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Re: edits to the draft should reflect the consensus of the WG

From: Robert Burns <rob@robburns.com>
Date: Fri, 17 Aug 2007 22:43:18 -0500
Message-Id: <D94970D4-BED4-4C64-ACBE-7B0DE3B1C657@robburns.com>
Cc: HTML Working Group <public-html@w3.org>
To: Maurice Carey <maurice@thymeonline.com>

HI Maurice,

On Aug 17, 2007, at 9:15 AM, Maurice Carey wrote:

>
> On 8/16/07 12:07 AM, "Robert Burns" <rob@robburns.com> wrote:
>
>> On Aug 15, 2007, at 10:43 PM, Lachlan Hunt wrote:
>>
>>>> [ snip - about Gregory's photo album]
>>>> http://my.opera.com/oedipus/albums
>>>
>>> That photo album is a perfect example of extremely poorly generated
>>> alt text.  All of the images contain the alt text: "perception -
>>> photography - image interpretation - blindness".  Although it's
>>> margially better than an empty alt attribute because it gives some
>>> indication of there being an image, it seems to be worse than no
>>> alt attribute, especially since it says nothing at all useful about
>>> the images and is needlessly repeated on every one.  That's the use
>>> case the draft is trying to address by making alt optional in some
>>> cases.
>>>

The problem the editor is trying to address is better handled through  
a new attribute.

> http://my.opera.com/oedipus/albums/showpic.dml? 
> album=212490&picture=3424812
>
> The first comment...
> " Backyard, towards the curb. Mouse, nicely framed, is sitting and  
> staring
> at the camera, on the stoop. The the tip its tail is resting on the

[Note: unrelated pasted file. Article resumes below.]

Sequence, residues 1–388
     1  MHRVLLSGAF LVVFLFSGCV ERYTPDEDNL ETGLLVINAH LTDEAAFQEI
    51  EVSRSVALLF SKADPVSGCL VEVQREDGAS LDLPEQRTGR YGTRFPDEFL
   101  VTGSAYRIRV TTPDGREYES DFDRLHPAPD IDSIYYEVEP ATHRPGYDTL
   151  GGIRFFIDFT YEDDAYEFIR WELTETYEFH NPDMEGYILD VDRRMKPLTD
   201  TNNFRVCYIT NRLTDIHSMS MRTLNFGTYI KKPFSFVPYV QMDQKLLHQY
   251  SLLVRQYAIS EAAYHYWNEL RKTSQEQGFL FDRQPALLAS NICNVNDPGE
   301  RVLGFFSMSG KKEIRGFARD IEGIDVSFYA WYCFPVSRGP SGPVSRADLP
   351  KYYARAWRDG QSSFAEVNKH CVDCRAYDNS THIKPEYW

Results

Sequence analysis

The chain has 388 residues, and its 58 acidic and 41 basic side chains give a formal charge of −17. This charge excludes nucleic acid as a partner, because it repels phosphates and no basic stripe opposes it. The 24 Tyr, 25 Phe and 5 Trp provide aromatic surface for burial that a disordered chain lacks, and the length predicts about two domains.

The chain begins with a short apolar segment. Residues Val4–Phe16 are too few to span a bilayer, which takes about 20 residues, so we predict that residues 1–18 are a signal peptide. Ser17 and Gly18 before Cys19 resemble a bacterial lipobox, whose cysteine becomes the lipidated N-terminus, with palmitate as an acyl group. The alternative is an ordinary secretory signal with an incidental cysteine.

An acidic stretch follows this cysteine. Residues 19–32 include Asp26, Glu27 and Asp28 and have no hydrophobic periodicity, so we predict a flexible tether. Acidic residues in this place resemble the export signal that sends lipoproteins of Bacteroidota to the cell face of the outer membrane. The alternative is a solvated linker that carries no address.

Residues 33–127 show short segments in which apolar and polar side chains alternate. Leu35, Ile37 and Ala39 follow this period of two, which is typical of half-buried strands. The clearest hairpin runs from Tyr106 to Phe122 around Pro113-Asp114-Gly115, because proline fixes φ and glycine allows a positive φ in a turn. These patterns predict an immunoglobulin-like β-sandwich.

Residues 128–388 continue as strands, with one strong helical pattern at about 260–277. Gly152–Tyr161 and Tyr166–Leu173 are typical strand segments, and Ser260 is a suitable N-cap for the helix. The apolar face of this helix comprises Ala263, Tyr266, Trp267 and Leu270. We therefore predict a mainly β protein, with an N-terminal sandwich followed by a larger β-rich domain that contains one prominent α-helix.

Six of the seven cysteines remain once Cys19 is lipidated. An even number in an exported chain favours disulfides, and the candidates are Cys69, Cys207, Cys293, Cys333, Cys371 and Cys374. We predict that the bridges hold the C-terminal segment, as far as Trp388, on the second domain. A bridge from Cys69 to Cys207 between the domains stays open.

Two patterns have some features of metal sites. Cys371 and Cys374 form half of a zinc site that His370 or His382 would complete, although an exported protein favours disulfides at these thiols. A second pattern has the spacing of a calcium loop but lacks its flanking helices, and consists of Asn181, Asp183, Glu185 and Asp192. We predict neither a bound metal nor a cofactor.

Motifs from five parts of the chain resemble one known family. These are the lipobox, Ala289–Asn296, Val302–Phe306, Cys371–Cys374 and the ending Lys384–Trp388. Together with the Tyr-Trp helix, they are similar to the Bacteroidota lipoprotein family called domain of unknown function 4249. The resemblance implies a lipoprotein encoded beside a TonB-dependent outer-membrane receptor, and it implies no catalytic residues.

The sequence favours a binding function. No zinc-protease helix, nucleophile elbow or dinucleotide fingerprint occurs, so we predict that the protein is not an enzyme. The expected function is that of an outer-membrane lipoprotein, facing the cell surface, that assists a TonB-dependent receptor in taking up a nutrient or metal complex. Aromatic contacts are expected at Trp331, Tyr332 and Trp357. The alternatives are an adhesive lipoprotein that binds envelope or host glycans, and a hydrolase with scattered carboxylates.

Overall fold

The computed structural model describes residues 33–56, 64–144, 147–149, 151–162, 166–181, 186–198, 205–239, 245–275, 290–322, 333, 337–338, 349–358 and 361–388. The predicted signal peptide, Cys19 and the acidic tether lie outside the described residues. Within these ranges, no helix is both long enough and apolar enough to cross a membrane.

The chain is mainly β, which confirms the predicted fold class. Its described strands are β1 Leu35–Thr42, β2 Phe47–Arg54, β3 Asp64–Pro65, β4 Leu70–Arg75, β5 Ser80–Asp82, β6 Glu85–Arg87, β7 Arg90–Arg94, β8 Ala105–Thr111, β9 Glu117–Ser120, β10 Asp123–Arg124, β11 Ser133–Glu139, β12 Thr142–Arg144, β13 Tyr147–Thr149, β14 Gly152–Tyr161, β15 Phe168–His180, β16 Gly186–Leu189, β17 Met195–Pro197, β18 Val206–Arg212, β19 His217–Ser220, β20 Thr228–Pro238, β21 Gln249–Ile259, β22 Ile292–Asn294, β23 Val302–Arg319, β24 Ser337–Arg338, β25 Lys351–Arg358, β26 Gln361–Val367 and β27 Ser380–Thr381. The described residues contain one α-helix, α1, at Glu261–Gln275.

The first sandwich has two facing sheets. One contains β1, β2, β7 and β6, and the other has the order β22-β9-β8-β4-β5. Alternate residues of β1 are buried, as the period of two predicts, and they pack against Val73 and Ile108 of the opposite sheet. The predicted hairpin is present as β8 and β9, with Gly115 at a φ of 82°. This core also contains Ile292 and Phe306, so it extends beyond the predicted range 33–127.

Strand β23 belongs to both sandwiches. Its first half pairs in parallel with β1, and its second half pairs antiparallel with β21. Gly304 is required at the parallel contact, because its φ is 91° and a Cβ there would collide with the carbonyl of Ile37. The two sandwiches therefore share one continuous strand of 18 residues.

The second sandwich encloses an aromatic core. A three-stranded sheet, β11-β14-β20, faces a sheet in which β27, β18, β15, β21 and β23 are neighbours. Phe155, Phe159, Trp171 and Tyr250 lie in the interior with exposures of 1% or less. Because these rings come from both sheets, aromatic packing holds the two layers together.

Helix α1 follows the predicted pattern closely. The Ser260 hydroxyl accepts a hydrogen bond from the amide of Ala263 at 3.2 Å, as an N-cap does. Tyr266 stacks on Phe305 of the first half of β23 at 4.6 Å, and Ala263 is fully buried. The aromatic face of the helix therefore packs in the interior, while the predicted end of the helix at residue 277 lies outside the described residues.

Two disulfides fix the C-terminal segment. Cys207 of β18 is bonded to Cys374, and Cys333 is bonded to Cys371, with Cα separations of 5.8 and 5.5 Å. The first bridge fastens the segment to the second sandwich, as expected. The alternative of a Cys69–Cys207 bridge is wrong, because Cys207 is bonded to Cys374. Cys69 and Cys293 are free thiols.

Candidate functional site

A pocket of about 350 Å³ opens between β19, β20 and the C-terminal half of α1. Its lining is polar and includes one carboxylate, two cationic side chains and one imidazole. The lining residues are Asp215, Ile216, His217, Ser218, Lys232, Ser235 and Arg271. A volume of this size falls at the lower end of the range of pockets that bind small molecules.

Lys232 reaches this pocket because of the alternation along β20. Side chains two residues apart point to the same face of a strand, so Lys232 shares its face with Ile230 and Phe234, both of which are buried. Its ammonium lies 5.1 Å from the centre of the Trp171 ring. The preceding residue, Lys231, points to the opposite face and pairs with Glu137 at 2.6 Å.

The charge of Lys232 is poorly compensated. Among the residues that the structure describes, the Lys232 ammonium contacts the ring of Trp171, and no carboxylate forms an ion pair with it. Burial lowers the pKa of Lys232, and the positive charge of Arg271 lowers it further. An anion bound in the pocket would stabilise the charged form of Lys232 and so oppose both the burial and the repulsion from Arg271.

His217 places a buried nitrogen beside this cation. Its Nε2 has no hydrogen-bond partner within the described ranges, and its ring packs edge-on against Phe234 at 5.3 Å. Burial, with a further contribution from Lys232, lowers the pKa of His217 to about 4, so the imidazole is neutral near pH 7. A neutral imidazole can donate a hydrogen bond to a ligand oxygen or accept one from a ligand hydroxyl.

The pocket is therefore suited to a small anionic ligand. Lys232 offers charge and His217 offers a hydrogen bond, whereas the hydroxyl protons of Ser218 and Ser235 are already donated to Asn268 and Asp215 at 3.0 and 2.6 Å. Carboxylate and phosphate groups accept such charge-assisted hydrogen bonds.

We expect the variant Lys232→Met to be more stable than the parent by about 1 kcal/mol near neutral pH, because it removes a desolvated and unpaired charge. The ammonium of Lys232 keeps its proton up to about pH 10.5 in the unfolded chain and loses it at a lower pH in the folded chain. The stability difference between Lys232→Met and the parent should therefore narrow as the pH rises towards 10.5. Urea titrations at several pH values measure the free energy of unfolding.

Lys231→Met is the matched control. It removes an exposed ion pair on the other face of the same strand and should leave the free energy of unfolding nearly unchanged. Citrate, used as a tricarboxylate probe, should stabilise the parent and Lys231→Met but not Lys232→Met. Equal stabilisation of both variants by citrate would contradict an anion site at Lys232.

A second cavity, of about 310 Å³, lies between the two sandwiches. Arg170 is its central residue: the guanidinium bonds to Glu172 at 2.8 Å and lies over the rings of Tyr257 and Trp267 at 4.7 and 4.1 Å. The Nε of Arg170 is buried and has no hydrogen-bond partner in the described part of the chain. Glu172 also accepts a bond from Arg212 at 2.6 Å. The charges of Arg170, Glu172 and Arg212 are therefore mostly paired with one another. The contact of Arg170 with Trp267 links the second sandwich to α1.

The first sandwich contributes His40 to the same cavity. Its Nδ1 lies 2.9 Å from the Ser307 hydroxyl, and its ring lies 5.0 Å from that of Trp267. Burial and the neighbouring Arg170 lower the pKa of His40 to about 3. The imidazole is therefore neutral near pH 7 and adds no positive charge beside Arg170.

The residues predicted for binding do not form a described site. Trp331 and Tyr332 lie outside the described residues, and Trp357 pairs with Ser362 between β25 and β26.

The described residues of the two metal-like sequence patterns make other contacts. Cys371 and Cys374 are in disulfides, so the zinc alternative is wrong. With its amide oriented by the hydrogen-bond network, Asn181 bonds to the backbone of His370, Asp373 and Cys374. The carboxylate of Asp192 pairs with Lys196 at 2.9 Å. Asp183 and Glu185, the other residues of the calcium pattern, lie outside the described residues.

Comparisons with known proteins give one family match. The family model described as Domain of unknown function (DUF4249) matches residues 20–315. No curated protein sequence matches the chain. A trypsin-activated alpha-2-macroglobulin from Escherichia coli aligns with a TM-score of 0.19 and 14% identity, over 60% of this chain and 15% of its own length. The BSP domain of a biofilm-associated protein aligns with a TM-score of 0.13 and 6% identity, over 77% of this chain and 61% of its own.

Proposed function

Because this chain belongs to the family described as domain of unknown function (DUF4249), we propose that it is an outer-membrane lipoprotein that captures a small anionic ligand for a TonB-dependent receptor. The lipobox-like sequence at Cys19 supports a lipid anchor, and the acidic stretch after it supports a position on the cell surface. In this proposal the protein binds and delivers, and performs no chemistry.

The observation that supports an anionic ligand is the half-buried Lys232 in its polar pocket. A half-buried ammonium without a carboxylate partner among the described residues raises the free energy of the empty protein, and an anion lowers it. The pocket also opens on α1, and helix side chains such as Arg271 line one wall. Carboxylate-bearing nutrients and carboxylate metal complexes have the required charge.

> doormat,
> which you have cropped. The background includes the short alley, a  
> bit of
> the fence and the gate. There isn't much grass to speak of."
> ...would make a very good alt value, but like most sighted people I  
> don't
> think the photographer would bother writing all that text in the  
> alt where
> they knew the overwhelming majority of their visitors would not be  
> able to
> read it (and possibly not contribute as much for SEO).
>
> Sighted people just don't write invisible content.
>
> Now had that first comment instead been the "description" of the  
> photo and
> the blog system presented it as <figure><img><caption></figure>  
> with the
> text visible for sighted people to see and blind people to still  
> hear, then
> I could imagine my clients using our CMS actually going to the  
> trouble of
> giving _almost_ every image a description.
>
> In the case of <figure><img><caption></figure> would alt really  
> still be
> needed?
>
> Is <figure><img><caption></figure> even still an option being  
> discussed?
> Sorry, there are just too many messages on this list for me to keep  
> up.

These features are actually targeted at different use-cases. The  
<figure><img><legend></figure> is to associate caption information  
with embedded content in a separate block element. The @alt attribute  
is designed for brief text equivalent for an 'img' element whether  
that element appears inline or in a 'figure' element. The @longdesc  
attribute (that Gregory's blog focusses on) is for text long  
descriptions of 'img' elements. So there are actually three different  
use-cases here covered by three different HTML features (2 existing  
and 1 proposed).

When cataloging photos it is very advisable to try to gather as much  
text description as you can even just for search reasons. If you're  
running a CMS, you can have it display long descriptions or @alt  
attribute values as a caption near the photos (unless you'd rather  
just have something like <div class='caption '>). If you really think  
changing your CMS slightly would bring in lots of image descriptions,  
I would recommend doing it.

Take care,
Rob
Received on Saturday, 18 August 2007 03:43:25 GMT

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